High Frequency Measurements
Douglas C. Smith
Address: P. O. Box 1457, Los Gatos,
Technical Tidbit - October 2003
Heisenberg and Signal Measurements
(A variation on the Uncertainty Principle)
Figure 1. Actual Node Voltage (red on left) and Probe Response (green, delayed) Without Damping Resistor
(vertical scale = 0.2 Volt/div)
(horizontal scale = 500 ps/div)
Abstract: Heisenberg's Uncertainty Principle might be adapted in
the context of signal measurements to say that one cannot measure a voltage
at a node without affecting it. Simulation data is presented to show that
under realistic conditions, active probes without damping resistors can significantly
affect the signal to be measured. The result can be more serious than just
Discussion: Probing a signal at a node in a circuit can have significant effects that can go beyond simple loading effects. This
is especially true at today's faster signal rates and frequencies. Although
a probe can be checked against a known waveform to see its impulse response,
a more difficult task is to determine the probe's affects on the original
signal. For this task, computer simulations of the probe and circuit can
lend insight into how the signal may be changed by the scope probe.
Active probes before about 2 years ago had a mostly capacitive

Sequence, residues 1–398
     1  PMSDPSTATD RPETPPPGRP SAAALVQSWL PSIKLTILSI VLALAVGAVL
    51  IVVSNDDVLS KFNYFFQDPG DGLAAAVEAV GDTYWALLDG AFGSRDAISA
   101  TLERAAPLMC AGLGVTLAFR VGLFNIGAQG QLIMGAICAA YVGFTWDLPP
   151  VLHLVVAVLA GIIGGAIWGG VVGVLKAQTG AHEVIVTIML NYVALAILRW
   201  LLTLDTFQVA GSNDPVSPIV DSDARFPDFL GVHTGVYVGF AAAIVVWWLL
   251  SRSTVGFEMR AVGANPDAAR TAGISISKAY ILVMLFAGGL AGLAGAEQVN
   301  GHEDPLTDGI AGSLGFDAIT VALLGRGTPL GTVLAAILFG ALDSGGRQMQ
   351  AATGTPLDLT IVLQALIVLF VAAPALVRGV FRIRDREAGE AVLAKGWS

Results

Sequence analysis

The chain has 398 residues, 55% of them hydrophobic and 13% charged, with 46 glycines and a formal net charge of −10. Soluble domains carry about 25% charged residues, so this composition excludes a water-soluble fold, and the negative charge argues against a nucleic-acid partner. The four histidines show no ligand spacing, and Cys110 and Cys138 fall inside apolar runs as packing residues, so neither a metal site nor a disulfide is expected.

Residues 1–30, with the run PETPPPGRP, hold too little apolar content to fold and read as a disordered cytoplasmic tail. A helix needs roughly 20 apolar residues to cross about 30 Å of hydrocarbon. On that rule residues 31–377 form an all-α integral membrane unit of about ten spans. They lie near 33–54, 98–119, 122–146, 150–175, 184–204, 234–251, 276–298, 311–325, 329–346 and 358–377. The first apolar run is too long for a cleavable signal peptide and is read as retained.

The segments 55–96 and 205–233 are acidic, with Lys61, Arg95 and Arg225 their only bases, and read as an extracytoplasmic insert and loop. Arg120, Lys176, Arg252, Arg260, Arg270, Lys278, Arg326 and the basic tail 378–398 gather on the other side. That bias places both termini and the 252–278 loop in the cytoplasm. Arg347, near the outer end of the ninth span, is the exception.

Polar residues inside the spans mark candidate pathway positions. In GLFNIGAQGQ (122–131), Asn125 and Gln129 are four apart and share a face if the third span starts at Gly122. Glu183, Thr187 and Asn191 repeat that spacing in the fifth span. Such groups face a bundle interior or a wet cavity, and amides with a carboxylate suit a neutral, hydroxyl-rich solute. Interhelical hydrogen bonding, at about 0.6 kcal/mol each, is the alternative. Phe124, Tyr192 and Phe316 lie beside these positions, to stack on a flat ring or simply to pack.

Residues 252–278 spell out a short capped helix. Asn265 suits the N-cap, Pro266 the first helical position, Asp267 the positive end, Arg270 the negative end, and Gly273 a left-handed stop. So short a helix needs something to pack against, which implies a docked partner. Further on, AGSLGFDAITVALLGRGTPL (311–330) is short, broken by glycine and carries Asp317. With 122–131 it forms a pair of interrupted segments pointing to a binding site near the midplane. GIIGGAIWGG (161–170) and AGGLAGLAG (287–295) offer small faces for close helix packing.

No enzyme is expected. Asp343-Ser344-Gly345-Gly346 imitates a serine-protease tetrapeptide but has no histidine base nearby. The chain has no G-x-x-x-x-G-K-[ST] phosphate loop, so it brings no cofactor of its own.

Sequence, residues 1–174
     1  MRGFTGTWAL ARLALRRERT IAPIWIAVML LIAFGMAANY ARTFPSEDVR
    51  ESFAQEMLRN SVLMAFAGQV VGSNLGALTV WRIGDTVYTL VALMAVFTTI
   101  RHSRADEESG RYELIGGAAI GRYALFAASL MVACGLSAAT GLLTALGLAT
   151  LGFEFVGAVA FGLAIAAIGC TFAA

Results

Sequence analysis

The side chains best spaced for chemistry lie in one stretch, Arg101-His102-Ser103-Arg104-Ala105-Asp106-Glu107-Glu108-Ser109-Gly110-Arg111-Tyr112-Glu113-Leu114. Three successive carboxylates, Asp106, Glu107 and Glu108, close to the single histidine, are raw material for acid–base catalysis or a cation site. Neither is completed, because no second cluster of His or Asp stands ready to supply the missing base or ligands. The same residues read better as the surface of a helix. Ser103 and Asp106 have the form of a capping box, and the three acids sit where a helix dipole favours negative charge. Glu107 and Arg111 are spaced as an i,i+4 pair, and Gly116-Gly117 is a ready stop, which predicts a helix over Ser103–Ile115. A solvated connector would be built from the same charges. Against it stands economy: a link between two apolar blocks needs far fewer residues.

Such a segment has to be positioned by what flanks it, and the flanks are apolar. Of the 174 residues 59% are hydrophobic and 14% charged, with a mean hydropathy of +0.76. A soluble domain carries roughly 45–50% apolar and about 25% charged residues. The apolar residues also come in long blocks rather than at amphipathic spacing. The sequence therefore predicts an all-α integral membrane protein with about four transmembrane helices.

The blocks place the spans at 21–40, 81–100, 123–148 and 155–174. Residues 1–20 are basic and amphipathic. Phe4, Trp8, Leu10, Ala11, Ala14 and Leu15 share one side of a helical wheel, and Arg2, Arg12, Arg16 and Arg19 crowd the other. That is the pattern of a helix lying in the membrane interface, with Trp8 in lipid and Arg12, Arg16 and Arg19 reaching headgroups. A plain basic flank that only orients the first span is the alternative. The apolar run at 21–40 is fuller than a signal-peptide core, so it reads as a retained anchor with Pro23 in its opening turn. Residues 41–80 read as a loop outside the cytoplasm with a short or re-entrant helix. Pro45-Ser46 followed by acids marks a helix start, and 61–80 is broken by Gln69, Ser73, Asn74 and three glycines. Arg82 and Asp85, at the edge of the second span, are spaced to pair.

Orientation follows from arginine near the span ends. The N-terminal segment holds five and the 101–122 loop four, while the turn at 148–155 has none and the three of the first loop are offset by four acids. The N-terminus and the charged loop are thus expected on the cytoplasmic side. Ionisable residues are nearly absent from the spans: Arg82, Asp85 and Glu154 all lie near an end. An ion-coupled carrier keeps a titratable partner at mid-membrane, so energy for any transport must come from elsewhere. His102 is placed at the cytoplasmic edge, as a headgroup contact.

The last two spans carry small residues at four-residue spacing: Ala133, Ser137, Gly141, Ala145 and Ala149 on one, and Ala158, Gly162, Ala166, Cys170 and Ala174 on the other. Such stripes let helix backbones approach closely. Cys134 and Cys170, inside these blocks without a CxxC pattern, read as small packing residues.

input impedance, generally one picofarad or less. The problem is that even
that capacitance forms a resonant circuit and causes measurement error and
circuit loading. Recently, active probe designs use a damping resistor on the
order of 100 to 200 Ohms in series with the probe tip. This lowers the Q of the tuned circuit consisting
of the probe capacitance and the inductance of the probe connections and
circuit being measured. Using MI-SUGAR (Spice with a graphical interface
running on Mac OS X) and a model of an active probe published by the manufacturer,
simulations were performed to see how use of the damping resistor affects
the probe's interaction with the circuit to be measured.
Figure 1 shows simulation results of probe response (delayed signal
in green) and the actual voltage at the measured node (red on left) for
a 1 Volt source having an impedance of 25 Ohms in series with 5 nH without the probe damping resistor.
The source resistance was chosen to represent a gate output resistance and the inductance
to represent nominal package inductance. Many modern chip packages have signal
path inductances ranging from 2 to 8 nH*. The risetime of the applied step is 100 ps.
The probe model used in the spice simulation is a manufacturer's multi-element
model of a 4 GHz active probe fitted with a 5 cm extension adapter that included
a damping resistor at the tip of about 200 Ohms. The simulation modeled the
probe's connections and input circuitry, but not the probe amplifier response
for simplicity. For the plots in Figure 1, the damping resistor was removed.
Without the damping resistor, the probe's input impedance and response is
similar to active probe designs that do not include a damping resistor. The
probe response has a familiar overshoot and ringing that is common with even